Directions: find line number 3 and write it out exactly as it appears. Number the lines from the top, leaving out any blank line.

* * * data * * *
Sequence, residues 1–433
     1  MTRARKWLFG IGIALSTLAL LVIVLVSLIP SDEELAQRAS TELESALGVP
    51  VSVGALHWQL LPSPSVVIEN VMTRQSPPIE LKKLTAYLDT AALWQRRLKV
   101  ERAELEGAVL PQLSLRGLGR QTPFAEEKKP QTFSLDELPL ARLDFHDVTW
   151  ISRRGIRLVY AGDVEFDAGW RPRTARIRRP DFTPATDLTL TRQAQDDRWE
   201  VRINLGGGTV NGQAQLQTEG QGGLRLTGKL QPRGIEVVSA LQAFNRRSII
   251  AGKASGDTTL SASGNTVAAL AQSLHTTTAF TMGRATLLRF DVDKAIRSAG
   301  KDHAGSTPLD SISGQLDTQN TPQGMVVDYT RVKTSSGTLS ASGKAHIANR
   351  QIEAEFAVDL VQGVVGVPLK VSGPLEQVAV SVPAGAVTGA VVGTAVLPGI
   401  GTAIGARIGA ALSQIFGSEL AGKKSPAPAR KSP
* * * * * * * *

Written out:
    51  VSVGALHWQL LPSPSVVIEN VMTRQSPPIE LKKLTAYLDT AALWQRRLKV